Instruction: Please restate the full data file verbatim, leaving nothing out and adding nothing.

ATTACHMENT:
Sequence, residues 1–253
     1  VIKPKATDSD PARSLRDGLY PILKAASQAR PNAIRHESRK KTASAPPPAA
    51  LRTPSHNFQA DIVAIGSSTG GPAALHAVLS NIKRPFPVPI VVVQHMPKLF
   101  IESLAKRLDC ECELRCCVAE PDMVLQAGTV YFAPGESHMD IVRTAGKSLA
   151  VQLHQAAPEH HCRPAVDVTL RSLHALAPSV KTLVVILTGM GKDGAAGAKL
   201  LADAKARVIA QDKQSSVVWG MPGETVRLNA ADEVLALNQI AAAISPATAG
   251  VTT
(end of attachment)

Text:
Sequence, residues 1–253
     1  VIKPKATDSD PARSLRDGLY PILKAASQAR PNAIRHESRK KTASAPPPAA
    51  LRTPSHNFQA DIVAIGSSTG GPAALHAVLS NIKRPFPVPI VVVQHMPKLF
   101  IESLAKRLDC ECELRCCVAE PDMVLQAGTV YFAPGESHMD IVRTAGKSLA
   151  VQLHQAAPEH HCRPAVDVTL RSLHALAPSV KTLVVILTGM GKDGAAGAKL
   201  LADAKARVIA QDKQSSVVWG MPGETVRLNA ADEVLALNQI AAAISPATAG
   251  VTT